With good stewardship and other safeguards, Roundup Ready alfalfa seed and forage producers can coexist with organic and conventional growers without adversely impacting them, said speakers at a recent conference in Denver, CO.
“Peaceful Coexistence: Creating a Strategy for Harmony Among GM, Organic and Conventional Alfalfa Producers” was presented by the National Alfalfa and Forage Alliance (NAFA). Its purpose, according to NAFA president Beth Nelson, was to bring together various “stakeholders” to develop a plan that will help growers of the three types of alfalfa coexist after the Roundup Ready alfalfa ban is lifted.
Better communication among seed companies regarding the location of Roundup Ready seed fields, sufficient isolation of those fields from conventional and organic seed fields, and identification and separation of transgenic and non-transgenic hay lots were among recommendations.
A recognition that farmers have a right to farm the way they want without being harmed by others is another point that was emphasized.
“In general, a good-neighbor approach should be effective in most cases,” said Dan Putnam, University of California extension forage agronomist.
A summary of information gathered at the conference was to be sent to USDA's Animal and Plant Health Inspection Service (APHIS) as a possible aid in preparing the court-ordered Roundup Ready alfalfa environmental impact statement. Andrea Huberty, an APHIS biotechnologist, told the group that the statement, which is expected to result in deregulation of the transgenic crop,should be completed early in 2009.
That was good news to the mostly pro-Roundup Ready audience. The speakers were largely neutral, though most believed that, with proper safeguards, successful long-term coexistence can be achieved.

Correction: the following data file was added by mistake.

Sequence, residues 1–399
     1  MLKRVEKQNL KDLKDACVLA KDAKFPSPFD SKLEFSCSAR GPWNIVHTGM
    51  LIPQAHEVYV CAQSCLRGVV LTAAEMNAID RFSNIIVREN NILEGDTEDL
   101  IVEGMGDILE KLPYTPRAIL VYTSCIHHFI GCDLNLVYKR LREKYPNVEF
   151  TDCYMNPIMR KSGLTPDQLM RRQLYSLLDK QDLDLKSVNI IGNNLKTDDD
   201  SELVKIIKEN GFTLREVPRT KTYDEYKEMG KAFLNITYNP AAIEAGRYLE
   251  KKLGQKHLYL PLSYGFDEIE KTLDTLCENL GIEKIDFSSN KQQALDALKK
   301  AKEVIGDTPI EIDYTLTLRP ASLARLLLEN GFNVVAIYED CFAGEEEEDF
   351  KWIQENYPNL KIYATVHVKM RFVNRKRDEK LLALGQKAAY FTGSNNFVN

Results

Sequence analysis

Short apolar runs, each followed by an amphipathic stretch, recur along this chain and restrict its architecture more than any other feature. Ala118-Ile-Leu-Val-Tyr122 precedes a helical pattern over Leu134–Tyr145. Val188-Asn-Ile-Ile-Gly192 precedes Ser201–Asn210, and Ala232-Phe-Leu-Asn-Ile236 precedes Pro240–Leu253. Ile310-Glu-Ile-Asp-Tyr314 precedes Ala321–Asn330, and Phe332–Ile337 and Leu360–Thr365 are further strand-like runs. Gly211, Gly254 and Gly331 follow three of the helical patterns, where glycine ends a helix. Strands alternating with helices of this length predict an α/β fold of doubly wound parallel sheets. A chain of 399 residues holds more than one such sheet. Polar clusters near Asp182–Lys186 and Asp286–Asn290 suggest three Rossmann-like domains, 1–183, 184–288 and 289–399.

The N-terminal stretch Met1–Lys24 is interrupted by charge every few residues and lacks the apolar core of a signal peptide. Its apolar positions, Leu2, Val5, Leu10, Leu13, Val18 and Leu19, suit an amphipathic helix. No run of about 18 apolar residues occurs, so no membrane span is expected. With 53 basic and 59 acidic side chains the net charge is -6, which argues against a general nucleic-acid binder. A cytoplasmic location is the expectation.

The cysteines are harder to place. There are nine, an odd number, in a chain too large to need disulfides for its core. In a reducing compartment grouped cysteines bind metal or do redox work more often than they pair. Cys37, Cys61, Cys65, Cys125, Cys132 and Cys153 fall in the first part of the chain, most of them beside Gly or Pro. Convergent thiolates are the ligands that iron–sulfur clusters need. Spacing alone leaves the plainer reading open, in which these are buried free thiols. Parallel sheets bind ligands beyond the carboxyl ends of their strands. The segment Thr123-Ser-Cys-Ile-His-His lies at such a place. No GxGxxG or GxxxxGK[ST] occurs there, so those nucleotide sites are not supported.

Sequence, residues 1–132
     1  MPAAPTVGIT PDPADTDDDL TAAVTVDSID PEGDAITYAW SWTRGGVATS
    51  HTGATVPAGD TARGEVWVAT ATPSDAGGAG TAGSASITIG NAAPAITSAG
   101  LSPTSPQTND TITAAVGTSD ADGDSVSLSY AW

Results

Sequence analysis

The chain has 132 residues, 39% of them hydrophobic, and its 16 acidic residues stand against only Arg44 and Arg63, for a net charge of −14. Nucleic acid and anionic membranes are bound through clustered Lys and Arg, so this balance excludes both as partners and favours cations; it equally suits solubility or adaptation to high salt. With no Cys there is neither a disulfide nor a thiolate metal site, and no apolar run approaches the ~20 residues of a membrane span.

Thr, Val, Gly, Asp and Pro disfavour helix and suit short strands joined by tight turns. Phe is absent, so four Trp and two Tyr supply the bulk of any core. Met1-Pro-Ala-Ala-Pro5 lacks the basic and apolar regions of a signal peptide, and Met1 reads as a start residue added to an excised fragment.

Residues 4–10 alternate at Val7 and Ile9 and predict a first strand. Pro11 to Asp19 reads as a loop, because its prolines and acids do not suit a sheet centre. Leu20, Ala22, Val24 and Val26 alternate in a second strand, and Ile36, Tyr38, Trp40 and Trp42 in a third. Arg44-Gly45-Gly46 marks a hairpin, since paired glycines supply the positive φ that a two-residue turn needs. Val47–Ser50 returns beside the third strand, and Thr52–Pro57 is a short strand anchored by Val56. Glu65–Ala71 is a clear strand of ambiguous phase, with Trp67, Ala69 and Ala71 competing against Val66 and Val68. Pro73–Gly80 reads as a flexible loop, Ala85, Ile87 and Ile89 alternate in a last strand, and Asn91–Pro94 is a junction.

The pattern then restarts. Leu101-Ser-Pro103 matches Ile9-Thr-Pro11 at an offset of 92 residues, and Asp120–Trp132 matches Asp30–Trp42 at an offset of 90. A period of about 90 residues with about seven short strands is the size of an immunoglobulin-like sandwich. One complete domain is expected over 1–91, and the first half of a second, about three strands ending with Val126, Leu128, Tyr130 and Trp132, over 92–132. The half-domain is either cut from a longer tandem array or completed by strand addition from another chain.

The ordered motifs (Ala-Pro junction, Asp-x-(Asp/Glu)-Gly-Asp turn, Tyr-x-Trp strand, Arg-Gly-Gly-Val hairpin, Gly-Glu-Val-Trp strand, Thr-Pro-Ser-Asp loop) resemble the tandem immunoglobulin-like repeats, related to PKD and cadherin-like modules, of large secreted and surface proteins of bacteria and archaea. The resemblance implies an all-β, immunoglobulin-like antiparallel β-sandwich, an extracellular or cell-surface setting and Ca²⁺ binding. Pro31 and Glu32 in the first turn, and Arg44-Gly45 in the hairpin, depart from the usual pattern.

One exception was Fred Kirschenmann, a Windsor, ND, organic farmer and former director of Iowa State University's Leopold Center for Sustainable Agriculture. He fears that, even with safeguards in place, Roundup Ready alfalfa will cross-pollinate with other alfalfas via birds, bees, seed harvesting equipment or human error.
“You can reduce the risk of contamination, but eliminating the risk I don't think is a possibility,” said Kirschenmann.
Even Roundup Ready alfalfa grown for forage is a potential threat, he add-ed. Seed washed into fencelines and ditches after planting may eventually blossom and shed pollen, as may fields that don't get harvested on time.
“It shouldn't be a problem with forage alfalfa because pollination isn't going to take place,” he said. “But in the real world, if it rains and you can't get it harvested, some of it will go into blossom.”
But Putnam said the risk of pollen moving from one hay field to another is low in most situations — about at the same level as other neighbor-to-neighbor impacts, such as pesticide drift.
The risk of pollen moving between seed fields is much higher, and two or three speakers asked for better information on isolation — the distance needed between those fields to minimize problems.
Putnam estimated that buyers of 3-5% of U.S. alfalfa don't want genetically modified hay. They include organic dairies, certain export markets, some horse interests and others who simply don't want it.
Respecting the needs of growers producing for those markets is a “fundamental principle,” he said.
Other speakers included a Roundup Ready alfalfa grower;an alfalfa exporter; representatives from the National Corn Growers Association, U.S. Feed Grains Council and Idaho Crop Improvement Association; and seed company officials.